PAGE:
How One Native American Woman Wants to Change the Face of Social WorkInspiring Stories of Our Owners•Nov 27, 2019• 3 min read
When Roicia Banks set out to found Social Roots, her Phoenix-based social work consultancy, she focused on what she didn’t want her business to look like.
For one, it would not replicate the one-size-fits-all government model; it would be owned and operated by herself, a Native American and black woman who understands the uniqueness of the marginalized communities she would inevitably serve. And rather than work as a reactive engine of child removal, Social Roots would champion preventative, evidence-based interventions that focused on keeping families together.
“It’s a whole new system I’m trying to build,” she says proudly.
The 30-year-old was born a ward of the state and shuffled through the foster system for eight years until she was adopted by a single mother and raised on the Hopi Reservation. After leaving to earn her bachelor’s at Arizona State and her master’s in social work from the University of Houston, she returned home to practice social work for a tribal government. But it wasn’t long before she became frustrated with the bureaucracy and institutional inertia on the job and decided to set off on her own.
Today, about a year later, Social Roots largely works on a contract basis with attorneys to conduct home visits. Banks prides herself on conducting these visits in what she describes as a “culturally competent” manner. Part of a social worker’s job is understanding a specific family’s dynamics, and Banks explains that there are different factors at play depending on if she’s walking into a Native household, a black household, a white household, etc.
“There are a lot of little things that you think are so common sense that are not so common to everyone,” she says. For instance, if an elder offers you something to drink, a visitor should drink it in order to avoid insulting the host. “That misunderstanding can have a negative relationship to what social workers are trying to cultivate.”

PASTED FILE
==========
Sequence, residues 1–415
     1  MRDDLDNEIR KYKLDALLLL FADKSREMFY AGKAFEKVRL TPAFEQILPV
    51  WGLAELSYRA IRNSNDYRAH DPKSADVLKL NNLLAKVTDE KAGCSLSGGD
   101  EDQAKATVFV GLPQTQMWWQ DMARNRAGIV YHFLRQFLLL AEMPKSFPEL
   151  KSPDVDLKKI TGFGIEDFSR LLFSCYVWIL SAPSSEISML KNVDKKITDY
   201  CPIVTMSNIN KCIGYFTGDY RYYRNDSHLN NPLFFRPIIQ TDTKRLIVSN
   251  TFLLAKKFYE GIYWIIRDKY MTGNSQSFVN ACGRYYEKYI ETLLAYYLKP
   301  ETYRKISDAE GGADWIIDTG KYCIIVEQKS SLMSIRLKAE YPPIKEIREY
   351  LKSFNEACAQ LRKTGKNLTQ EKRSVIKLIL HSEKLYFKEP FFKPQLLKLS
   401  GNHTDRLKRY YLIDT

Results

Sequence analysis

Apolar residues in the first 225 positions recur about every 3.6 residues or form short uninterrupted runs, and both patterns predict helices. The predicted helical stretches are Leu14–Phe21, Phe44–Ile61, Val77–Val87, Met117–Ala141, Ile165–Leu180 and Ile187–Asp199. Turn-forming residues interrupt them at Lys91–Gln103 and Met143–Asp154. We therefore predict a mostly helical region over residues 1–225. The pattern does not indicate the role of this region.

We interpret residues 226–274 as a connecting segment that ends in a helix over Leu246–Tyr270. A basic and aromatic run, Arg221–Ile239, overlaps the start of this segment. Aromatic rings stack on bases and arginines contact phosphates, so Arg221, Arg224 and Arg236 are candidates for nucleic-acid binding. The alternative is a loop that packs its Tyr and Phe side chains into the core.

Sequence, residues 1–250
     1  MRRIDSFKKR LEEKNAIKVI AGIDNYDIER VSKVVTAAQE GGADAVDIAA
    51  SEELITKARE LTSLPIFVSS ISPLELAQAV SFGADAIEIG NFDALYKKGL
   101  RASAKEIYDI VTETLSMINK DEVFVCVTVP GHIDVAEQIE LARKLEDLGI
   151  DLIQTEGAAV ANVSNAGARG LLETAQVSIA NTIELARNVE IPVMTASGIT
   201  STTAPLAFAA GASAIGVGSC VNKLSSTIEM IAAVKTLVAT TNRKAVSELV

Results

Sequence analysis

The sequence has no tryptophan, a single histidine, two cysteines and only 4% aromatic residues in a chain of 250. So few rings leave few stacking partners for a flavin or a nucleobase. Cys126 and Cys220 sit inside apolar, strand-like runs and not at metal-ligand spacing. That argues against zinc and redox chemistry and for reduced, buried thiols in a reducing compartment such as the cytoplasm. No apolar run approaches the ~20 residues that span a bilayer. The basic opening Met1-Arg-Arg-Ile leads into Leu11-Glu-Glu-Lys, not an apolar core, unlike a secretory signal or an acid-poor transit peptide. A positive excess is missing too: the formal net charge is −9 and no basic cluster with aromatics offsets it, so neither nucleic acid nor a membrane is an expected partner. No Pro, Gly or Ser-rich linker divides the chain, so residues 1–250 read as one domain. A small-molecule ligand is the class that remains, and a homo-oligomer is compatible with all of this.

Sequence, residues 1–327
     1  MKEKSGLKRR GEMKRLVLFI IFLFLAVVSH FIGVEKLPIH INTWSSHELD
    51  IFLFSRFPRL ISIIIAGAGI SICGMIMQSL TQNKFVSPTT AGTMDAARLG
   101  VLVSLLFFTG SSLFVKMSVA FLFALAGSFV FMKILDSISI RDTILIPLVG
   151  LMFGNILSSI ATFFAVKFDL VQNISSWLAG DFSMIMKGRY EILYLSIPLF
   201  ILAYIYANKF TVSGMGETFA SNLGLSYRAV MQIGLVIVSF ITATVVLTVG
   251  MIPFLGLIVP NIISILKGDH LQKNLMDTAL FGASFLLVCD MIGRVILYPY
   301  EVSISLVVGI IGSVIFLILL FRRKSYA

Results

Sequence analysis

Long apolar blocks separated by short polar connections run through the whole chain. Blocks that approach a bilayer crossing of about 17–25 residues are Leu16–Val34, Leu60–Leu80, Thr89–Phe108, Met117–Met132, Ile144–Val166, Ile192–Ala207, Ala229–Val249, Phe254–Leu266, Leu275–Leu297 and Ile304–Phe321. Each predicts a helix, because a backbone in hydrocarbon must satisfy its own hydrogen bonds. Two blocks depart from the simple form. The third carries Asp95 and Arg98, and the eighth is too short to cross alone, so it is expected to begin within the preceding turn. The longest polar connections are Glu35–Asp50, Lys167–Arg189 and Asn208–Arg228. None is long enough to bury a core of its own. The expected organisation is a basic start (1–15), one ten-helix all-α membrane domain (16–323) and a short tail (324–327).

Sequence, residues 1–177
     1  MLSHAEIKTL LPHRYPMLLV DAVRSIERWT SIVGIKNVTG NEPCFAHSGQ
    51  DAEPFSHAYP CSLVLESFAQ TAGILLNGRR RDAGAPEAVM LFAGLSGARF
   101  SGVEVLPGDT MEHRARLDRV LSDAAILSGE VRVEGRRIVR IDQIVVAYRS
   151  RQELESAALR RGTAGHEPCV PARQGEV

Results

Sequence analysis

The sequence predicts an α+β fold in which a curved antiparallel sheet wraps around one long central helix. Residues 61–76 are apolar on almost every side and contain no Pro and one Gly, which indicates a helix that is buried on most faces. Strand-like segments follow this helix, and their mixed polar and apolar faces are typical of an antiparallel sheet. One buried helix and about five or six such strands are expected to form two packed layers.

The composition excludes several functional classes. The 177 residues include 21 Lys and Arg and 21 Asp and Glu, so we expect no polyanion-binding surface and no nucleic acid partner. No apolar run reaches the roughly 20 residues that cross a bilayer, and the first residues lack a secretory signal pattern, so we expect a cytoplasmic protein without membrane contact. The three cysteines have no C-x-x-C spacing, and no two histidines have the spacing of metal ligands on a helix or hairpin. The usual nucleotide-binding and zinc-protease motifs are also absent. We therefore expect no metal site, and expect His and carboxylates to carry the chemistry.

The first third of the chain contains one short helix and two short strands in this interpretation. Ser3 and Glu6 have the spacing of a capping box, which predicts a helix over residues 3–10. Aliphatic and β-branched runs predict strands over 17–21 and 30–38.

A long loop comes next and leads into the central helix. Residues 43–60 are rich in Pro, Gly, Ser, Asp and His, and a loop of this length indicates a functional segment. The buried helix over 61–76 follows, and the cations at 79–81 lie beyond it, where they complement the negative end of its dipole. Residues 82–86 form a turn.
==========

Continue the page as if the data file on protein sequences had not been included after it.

Sometimes, these misunderstandings go beyond manners. If a social worker doesn’t understand certain cultural norms, they might misinterpret the context of the entire visit. As an example, Banks points to the communal living style common to Native American families.
“My aunt’s house had three generations of family members in their home,” Banks says. “It may not look like normal to the European idea of what a functional household looks like, but I have to come in and say this yes, it is functional. It’s okay the aunts, uncles, and grandchildren live together. Everyone may not have their private space and there might be a bed in the living room, but that’s a normal thing, and for you to say otherwise is inappropriate.”
This knowledge, combined with a proactive mindset, helps Banks address household problems before they escalate. For instance, she says that one of the most common reasons for social worker intervention is childhood neglect – usually not because of malicious intent, but rather because parents lack access to healthcare, family care, or proper nutrition to support their children. If she can connect these families with the proper resources – whether it be food assistance, Medicaid, or some other charity or welfare program – Banks hopes to address the root issue before more drastic action is required.
“That’s a severely traumatic event that the child will more than likely never get over,” she says about child removal, “and depending on their age, you just disrupted their entire life.”
The family visits comprise only part of the business. On a broader level, Social Roots also contracts with area nonprofits to maximize efficiency and best serve marginalized communities. Recently, a community college asked Banks to determine what obstacles are causing black students to enroll at a disproportionately low rate.
It’s all proof, she says, that what once was Social Roots’ greatest business challenge – getting clients to recognize the need for individualized approaches to different demographics – has become perhaps her greatest advantage.
“I’ve definitely found a niche because I’ve experienced the foster care system, I am the two racial/ethnic minority groups that are marginalized in some of the worst ways, and I have my education,” Banks says. “Call me a triple threat.”